A little plant with a big name

I’ve had fairly good luck ordering plants via online retailers but this group from Logees Greenhouses seriously impressed me. 🙂


Passiflora Lady Margaret, Strophanthus preussii, and ? (From L to R)

Logees’ speedy delivery (9 days from order to doorstep!) and careful packaging are also worth praising. The above photo was taken immediately after I unwrapped each little pot. Look at the dark, moist soil. Amazing, yeah? And not a speck out of place. 🙂

Whenever I receive new plants, I google the bejesus out of them to ensure I site them properly. No problem finding info on the Lady Margaret (red) passionflower or S. Preussii, an African liana with unusual medusa flowers.   Big problem researching this one though:


Logees had it listed as “Hemizygia Candy Kisses”…argh!!!  Half scientific/half common names make me absolutely bonkers, so I began looking for something more accurate. What I found surprised me!

In 2006, DNA sequencing revealed plants previously placed in the hemizygia genus shared a common evolutionary ancestor with those in the syncolostemon genus. Because this common ancestor was NOT shared by any other plant group, all involved were reclassified as Syncolostemons ➡  big Latin word for minty sagebushes. 🙂  If you’re still following, H. Candy Kisses is now  S. Transvaalensis, the variety name given as a nod to its native African region.

All science aside, my new little shrub should be quite pretty!  Mature height is 2 to 3ft with width about the same. When it blooms, purple/pink flowers will spike high above the foliage.

Despite its small size, S. transvaalensis  is well adapted to rebounding from (brief) hard freezes or scorching fires due to a starchy swelling of its root crown known as a lignotuber. The lignotuber contains buds from which new stems sprout and a sufficient store of nutrients to keep them growing until photosynthesis kicks in again.  Pretty amazing stuff!!!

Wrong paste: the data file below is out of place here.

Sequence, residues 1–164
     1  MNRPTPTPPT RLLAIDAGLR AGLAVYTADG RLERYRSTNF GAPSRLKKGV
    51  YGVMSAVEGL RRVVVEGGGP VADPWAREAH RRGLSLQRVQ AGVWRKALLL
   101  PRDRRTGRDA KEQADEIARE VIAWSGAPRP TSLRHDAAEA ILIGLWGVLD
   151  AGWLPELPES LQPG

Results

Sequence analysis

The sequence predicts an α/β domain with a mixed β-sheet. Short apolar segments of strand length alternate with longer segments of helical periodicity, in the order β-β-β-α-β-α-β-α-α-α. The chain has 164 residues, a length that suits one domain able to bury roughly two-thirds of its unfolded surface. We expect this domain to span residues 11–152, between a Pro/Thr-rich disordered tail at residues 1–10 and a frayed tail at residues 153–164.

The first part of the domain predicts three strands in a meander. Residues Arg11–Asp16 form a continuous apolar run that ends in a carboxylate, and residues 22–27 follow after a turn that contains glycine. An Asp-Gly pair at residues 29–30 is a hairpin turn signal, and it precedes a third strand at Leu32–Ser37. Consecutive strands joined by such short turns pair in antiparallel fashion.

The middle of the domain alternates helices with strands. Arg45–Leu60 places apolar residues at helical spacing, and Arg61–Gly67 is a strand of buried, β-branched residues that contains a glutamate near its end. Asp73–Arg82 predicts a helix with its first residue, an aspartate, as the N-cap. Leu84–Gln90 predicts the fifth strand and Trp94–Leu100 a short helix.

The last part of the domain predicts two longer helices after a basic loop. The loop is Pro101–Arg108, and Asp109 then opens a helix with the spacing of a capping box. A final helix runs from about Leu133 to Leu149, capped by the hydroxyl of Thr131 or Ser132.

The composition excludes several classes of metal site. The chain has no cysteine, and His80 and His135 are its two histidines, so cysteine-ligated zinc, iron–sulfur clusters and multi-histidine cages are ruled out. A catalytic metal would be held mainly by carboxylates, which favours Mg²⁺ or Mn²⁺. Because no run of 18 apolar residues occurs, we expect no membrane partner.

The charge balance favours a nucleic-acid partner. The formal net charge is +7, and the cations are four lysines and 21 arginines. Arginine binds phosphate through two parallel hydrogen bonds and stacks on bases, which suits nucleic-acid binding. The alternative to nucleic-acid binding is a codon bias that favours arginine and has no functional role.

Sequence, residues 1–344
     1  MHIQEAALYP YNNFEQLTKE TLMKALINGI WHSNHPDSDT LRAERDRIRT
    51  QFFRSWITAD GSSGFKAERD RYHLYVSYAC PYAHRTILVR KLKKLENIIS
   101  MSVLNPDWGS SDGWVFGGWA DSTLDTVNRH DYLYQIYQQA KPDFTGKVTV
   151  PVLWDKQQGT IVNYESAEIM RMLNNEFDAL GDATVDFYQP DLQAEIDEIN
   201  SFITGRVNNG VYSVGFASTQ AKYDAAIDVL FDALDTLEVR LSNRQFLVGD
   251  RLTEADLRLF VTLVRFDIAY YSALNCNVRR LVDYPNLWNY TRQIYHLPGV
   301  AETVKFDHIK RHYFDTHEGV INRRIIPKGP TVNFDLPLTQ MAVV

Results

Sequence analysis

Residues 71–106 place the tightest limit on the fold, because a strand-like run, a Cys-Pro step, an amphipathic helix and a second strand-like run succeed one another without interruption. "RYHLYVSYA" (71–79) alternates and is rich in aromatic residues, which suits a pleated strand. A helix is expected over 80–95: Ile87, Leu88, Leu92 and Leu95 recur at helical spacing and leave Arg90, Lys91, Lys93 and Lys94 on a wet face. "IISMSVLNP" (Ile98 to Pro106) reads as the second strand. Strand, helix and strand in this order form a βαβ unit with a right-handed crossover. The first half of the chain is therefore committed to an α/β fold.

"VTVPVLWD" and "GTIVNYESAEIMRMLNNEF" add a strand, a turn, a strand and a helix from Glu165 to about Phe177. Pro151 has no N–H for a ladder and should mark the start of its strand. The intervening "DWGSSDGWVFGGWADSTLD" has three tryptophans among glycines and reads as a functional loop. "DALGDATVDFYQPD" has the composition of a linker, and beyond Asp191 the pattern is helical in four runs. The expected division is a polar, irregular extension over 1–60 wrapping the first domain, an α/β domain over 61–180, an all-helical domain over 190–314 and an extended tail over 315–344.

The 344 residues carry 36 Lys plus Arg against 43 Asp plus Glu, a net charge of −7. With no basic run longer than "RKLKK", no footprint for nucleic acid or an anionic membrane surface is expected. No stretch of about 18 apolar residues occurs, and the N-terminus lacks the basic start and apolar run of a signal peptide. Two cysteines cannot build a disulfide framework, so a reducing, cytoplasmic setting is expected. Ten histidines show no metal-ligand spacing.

Before I close, one last close look at its reddish stems and somewhat waxy leaves:


Until next time…..

🙂 🙂 🙂


17 thoughts on “A little plant with a big name

  1. Ha…. talking about plant names can be so confusing, like for example Cymbidium orchids. There are too many cross bred varieties.

    When I bought the plant, the tag said it was Hemizygia ‘Candy Kisses’. It was from Haar Nursery in Australia and it ‘was not’ labelled under Australian native plant.

    I think that H. ‘Candy Kisses’ is a Syncolostemon hybrid. The problem is that some nurseries create fancy names for hybridised plants to attract buyers:)

    • you are SO right Lois! Also, if I had a nickel for every mislabeled plant I purchased over the years, i’d be writing this reply from a million dollar home in the Caribbean instead of the tiny counter in my tiny house!

      • The correct name should be: Syncolostemon transvaalensis ‘Candy Kisses’. Should include Candy Kisses as it is the cultivar’s / hybrid name. Do you know that there is another hybrid of this plant called ‘Pink Candy’ ? I think this one is not variegated, but it also has pretty pink flowers.

        Apparently, Hemizgya was regarded as ‘correct’ name until recently when the Botanists decided to change it into Syncolostemon. As for the smell of this plant, the one that I have smells slightly like sage and it is not minty at all.

    • variegated is definitely cool! re: yarn…you may not be old enough to recall the mohair sweater craze of the mid 1960s but I remember begging my mother for a variegated blue one I saw at Jordan Marsh (now Macy’s. That beauty has stuck in my mind all these years!!!)
      Back to the shrub… I like how the new leaves start off cream-toned and then whiten up as they enlarge. The flowers should be quite interesting too, although I may not see them for awhile. 🙂

  2. DNA sequencing seems to be turning things upside down. I just read that Meconopsis cambrica (Welsh poppy) isn’t related to Meconopsis after all, but rather to the Papavers. What’s a humble gardener to do?

    • it really is hard to keep up with the science…esp for people like me who don’t really have much in the way of a science background.
      I hadn’t known about the re-categorizing of welsh poppies. Now you’ve given me something to look into this afternoon! 😉

  3. The names always confuse me. And just now I’m unhappy with my pollen-induced allergies being worse than I can ever remember. Why can’t all flowering plants have pollinators instead of relying on the wind???

    • allergies are the WORST! I had terrible allergies to pollen in my teens through thirties…then for some unknown reason pollen stopped bothering me! I hope the same thing happens to you. 🙂

  4. More amazing stuff: That someone can have so much knowledge about plants, which are an endless source of mystery to me. I still love them, though, Latin names and all.

  5. Pingback: Passiflora “Lady Margaret” and other Varieties | small house/BIG GARDEN

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